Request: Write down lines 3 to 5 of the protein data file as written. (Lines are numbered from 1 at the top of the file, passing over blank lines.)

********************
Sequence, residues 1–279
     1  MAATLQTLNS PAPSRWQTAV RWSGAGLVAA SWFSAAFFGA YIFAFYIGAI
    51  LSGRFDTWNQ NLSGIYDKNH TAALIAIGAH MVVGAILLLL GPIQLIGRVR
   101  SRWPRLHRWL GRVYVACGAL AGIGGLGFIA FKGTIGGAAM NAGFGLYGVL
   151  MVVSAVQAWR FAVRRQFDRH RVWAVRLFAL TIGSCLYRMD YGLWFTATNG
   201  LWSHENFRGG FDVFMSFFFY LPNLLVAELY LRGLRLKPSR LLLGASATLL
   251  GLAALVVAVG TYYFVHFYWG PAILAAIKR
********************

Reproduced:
    51  LSGRFDTWNQ NLSGIYDKNH TAALIAIGAH MVVGAILLLL GPIQLIGRVR
   101  SRWPRLHRWL GRVYVACGAL AGIGGLGFIA FKGTIGGAAM NAGFGLYGVL
   151  MVVSAVQAWR FAVRRQFDRH RVWAVRLFAL TIGSCLYRMD YGLWFTATNG